Cyber-crime Reportedly Touches Obama, McCain Campaigns

Hackers targeted the presidential campaigns of Sen. Barack Obama and Sen. John McCain, says a report by Newsweek magazine. In addition, spammers are capitalizing on interest in Obama's victory to attempt to trick users into downloading malware.

A day after the national election, both President-elect Barack Obama and Republican presidential candidate John McCain are in the middle of cyber-crime news.

According to a Newsweek report, the FBI believes both men had their campaigns hacked by a "foreign entity."

After technology staff at Obama headquarters detected what they thought was a phishing attack in summer 2008, the FBI and U.S. Secret Service reportedly told campaign officials their computer system had been compromised and files had been stolen. A top McCain official confirmed to Newsweek that the McCain campaign's computer system had been compromised as well, and that the FBI was investigating.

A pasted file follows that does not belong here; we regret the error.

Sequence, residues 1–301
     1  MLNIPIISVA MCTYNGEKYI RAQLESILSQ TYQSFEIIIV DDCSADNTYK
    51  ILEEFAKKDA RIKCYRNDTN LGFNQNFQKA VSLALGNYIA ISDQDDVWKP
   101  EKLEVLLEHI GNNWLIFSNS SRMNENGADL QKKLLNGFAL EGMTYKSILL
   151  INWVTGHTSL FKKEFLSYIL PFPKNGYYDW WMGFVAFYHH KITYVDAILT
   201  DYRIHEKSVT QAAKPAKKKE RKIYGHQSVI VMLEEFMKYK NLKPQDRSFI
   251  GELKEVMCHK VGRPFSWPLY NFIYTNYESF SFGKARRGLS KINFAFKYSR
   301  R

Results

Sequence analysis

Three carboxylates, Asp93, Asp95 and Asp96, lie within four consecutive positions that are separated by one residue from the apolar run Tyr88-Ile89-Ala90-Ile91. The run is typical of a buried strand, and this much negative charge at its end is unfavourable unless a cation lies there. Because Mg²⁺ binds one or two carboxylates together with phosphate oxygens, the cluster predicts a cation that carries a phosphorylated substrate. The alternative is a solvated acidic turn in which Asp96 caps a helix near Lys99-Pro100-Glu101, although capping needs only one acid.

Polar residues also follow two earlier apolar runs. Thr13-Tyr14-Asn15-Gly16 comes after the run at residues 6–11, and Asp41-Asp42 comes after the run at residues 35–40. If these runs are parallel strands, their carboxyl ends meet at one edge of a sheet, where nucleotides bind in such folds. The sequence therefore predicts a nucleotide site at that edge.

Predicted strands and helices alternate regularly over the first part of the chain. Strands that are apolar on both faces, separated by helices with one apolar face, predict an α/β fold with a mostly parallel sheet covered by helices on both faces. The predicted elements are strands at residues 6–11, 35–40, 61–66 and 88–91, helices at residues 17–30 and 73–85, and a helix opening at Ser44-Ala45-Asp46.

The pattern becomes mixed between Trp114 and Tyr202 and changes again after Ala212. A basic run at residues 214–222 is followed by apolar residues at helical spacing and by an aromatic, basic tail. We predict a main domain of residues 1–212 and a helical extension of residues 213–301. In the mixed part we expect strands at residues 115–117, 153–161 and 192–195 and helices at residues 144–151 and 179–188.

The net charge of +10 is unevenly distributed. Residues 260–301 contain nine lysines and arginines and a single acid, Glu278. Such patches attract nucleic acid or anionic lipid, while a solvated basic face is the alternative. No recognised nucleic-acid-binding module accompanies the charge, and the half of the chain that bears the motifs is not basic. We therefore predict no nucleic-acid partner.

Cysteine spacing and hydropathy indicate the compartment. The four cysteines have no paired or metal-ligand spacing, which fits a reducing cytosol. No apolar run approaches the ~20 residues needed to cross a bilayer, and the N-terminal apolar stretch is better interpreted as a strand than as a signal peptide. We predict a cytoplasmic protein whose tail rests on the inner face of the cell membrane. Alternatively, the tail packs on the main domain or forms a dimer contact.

White House and FBI officials declined to comment to Newsweek about the story.

Meanwhile, Obama's victory has touched off a malware campaign targeting Windows users. According to SophosLabs, the spam campaign accounted for 60 percent of the malicious spam the vendor detected over the course of an hour on Nov. 5. MX Logic detected close to 1 million messages between 8 a.m. and 10 a.m. MST.

The e-mails, which have subject lines such as "Obama win preferred in world poll" and claim to come from, contain a link to a site purporting to have news of the election results. Once at the site, visitors are prompted to download Adobe Flash Player 9. In actuality though, the file is malware, and was detected by Sophos as Mal/Behav-027.

"The malware takes over your computer, handing over control to a remote hacker," said Graham Cluley, senior technology consultant at Sophos. "That means it can be used to download further malware from the Internet, and normally this kind of attack is used to turn your PC into a spam-spewing relay and allow hackers to gain access to your private information."

In the days leading up to the election, spammers favored Obama over McCain by a large margin. According to statistics from MessageLabs, 82 percent of election-related spam Nov. 4 involved Obama. More than 77 percent of the election spam came from the Srizbi botnet, according to the vendor.